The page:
Is there anything equally as exciting and terrifying as a new haircut? Not in my world. The anticipation of having a new look runs parallel with the fear of praying you’ll like it. And this is especially true for those of us who have loved having long hair for years but are getting the itch to chop it into a shorter style like the long bob we are seeing everywhere this year. The idea of a new look is exhilarating, but you won’t know the reality of it until you actually do it.
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Anytime I’ve considered cutting my hair (beyond a standard trim), I have sent countless inspo pics to my mom and sister hoping for feedback on whether or not they think it’s a good idea for me. They always respond with “Try it! It’ll grow back,” and as you can imagine, that has not been helpful in my decision-making process. I love them both dearly, but I’m only talking to the experts about haircuts from now on.
This year, the long bob is trending thanks to celebrities like Kim and Khloe Kardashian, Zendaya, Selena Gomez, Lea Michele, and more. It has always been a popular style because of its just right (not too short and not too long) length which makes girls everywhere want to make the chop. But before you do, I urge you to hear what a few celebrity stylists have to say about it:
1. Everyone can pull it off—if it’s done right
Stylists agree that everyone can pull off a long bob as long as it is cut right for their face shape. For example, Michael Duenas, a celebrity hairstylist and the founder of Veluer Creative, says “if you have a long oval face shape and you do a long bob, it will accentuate the length of your face. Sometimes hiding your cheekbones. If you have a long face and you still would like to have a long bob, it is very important to add some face-framing layers or pieces around your cheekbones to bring them back out.” The best way to do this, according to Duenas, is with long curtain fringe. Face-framing layers and fringe are also recommended for those with round and heart-shaped faces.
2. Maintain regular salon appointments
In order to maintain the precision cut that a long bob requires, you need to make sure that your stylist has room in their schedule for you about every six weeks. If you go too far beyond that, “you can easily tell if the bob is not clean” according to Duenas. So if you’re the kind of person who really doesn’t like sitting in a salon chair (*raises hand*), maybe a long bob cut isn’t the right move for you based on the required maintenance alone. And no, this is not the kind of haircut I would recommend maintaining with a pandemic trim-it-yourself situation.
3. Communicate your hair texture
If you have any sort of natural curl texture, talk with your stylist about it before they start cutting to make sure they understand it. Virginia Gamez, a stylist at Rita Hazan, says that different curl textures “are not one size fits all.” Depending on how tight your curls are, they will bounce up and totally change the style once your hair is dry. With that said, Gamez recommends cutting looser curls when they are wet and the Curl Cutting Technique for really tight curls.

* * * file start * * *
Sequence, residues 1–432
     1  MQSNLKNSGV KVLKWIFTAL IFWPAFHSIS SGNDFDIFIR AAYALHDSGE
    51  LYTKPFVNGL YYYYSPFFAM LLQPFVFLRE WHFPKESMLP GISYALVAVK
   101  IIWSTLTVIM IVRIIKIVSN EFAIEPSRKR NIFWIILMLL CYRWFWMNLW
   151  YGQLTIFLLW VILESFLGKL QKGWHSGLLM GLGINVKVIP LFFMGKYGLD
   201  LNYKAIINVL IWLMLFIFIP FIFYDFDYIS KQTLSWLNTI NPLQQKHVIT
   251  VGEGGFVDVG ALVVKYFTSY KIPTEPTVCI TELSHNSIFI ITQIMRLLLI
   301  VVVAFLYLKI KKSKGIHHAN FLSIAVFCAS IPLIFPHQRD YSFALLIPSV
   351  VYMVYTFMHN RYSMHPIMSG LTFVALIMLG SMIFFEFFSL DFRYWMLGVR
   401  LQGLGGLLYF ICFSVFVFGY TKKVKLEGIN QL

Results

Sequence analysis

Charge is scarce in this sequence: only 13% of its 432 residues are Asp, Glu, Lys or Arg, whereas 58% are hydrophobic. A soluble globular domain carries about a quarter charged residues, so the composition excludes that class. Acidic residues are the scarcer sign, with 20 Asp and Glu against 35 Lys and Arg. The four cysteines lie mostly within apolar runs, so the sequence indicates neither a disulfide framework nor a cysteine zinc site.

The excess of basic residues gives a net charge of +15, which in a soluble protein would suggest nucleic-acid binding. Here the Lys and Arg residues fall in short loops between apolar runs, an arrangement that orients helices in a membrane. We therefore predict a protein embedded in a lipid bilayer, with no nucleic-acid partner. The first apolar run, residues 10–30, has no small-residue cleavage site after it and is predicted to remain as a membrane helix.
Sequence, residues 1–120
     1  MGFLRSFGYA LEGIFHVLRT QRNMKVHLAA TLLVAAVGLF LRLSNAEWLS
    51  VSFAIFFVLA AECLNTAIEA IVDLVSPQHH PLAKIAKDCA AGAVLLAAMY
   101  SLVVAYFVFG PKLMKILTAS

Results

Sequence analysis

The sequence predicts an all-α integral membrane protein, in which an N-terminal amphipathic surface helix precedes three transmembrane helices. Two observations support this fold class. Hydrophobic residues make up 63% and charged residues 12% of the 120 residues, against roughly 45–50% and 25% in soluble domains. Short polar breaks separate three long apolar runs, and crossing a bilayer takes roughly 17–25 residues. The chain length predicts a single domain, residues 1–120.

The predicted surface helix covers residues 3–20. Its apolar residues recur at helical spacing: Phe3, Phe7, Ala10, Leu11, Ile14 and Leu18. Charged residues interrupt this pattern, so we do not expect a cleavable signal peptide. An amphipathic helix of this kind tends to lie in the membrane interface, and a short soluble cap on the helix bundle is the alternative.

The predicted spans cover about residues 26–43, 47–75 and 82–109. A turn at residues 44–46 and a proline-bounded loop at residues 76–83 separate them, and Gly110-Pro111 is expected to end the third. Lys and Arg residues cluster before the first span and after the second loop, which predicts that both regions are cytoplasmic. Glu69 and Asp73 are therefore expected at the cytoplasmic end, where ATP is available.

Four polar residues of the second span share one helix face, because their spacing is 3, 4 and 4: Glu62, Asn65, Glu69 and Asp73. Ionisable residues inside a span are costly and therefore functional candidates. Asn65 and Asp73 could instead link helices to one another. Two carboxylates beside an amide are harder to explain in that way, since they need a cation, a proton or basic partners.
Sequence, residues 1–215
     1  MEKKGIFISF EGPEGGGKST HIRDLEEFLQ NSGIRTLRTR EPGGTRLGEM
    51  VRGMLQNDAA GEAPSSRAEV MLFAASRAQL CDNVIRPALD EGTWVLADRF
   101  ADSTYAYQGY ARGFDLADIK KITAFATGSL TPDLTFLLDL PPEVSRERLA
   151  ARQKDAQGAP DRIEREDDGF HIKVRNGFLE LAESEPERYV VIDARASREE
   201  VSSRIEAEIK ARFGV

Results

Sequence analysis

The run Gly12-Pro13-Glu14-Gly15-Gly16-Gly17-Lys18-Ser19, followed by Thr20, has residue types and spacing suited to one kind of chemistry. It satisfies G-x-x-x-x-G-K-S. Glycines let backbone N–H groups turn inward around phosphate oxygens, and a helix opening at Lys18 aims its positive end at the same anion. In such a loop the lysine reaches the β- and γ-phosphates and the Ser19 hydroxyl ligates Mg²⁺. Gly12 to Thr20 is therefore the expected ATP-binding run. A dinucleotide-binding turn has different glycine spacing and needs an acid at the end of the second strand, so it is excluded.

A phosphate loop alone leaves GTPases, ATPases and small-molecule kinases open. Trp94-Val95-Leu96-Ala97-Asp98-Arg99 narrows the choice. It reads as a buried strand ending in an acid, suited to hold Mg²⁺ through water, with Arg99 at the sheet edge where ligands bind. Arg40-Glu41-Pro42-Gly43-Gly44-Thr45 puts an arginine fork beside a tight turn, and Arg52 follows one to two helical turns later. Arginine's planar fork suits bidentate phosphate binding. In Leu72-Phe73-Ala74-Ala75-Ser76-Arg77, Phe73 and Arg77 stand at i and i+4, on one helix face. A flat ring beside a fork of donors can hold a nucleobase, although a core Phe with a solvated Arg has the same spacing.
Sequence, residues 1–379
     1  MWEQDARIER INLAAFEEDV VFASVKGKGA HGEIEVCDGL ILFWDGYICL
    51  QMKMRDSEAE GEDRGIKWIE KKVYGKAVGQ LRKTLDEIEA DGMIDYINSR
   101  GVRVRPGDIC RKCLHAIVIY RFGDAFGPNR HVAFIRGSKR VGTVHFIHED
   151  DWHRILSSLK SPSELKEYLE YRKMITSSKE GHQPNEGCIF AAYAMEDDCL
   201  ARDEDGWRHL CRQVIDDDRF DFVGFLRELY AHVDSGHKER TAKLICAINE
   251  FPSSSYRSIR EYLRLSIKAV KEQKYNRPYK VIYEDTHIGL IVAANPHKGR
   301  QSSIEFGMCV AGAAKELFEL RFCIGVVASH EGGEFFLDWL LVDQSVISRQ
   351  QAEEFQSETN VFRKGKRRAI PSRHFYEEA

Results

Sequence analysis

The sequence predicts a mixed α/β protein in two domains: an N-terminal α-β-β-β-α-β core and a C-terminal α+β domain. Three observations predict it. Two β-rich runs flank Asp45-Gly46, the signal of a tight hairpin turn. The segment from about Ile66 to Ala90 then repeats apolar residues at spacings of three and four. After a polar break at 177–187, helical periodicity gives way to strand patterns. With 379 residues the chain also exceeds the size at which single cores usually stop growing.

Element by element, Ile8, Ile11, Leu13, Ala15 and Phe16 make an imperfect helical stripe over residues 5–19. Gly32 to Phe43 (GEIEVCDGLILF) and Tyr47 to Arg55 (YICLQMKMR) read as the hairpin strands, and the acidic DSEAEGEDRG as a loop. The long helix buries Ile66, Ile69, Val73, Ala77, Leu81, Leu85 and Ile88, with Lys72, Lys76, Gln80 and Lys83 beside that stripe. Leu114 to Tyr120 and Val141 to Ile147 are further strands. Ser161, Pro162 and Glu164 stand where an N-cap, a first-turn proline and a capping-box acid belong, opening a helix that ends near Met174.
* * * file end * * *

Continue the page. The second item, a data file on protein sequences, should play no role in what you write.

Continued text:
Whatever you do, just don’t be like 10-year-old me who went to the closest salon next to the grocery store, didn’t tell the stylists I had curly hair, and ended up with a haircut that my family still laughs about. Once my hair dried and curled up, it was not cute.
4. Have the right styling tools
Now for the fun part: styling! Gamez recommends using a Mason Pearson brush (because it will give a nice natural bend to the hair) and a flatiron (specifically one by GHD) to add “cool girl” texture and waves.
If you have curly hair, wear it natural to emphasize your curls, or if you want your hair to be straight for your bob, Duenas loves to use a Denman brush for the first 3 inches of your root and a large round brush for the rest. With this, you’ll want to make sure that you’re not “bringing the brush all the way to your root as it will bring in unnecessary volume,” as recommended by Duenas.
5. Keep it longer to be able to wear your hair up
Have no fear, you can still wear your hair up in your favorite “That Girl” hairstyle (a slicked-back bun or ponytail) if you choose to cut your hair into a long bob. A collarbone length cut almost always guarantees that you will be able to get your hair all the way up, but a good trick your hairstylist can do is “take the front of your hair and bring it back to where you typically do your ponytail,” says Duenas. “This will determine the shortest length that you can go,” he added.
If all else fails, find some of the bobby pins that are laying around your house (and in every purse you own) and pin any hairs up that fall onto the nape of your neck.
6. Know what to do when it starts to grow out
Whether you are prone to getting sick of a haircut easily or you just want to be prepared, rest assured that there is a way around the awkward growing-it-out phase. Duenas says that the trick is all in taking the weight out of the ends. He says “it helps to add in some soft graduation to lighten the weight to the ends so it does not hit your clavicle and start flipping out. It also ensures you get nice movement and will be easier to style.” If all else fails and you are still getting Jane Jetson vibes, Gamez says to accessorize with hair pins or braids.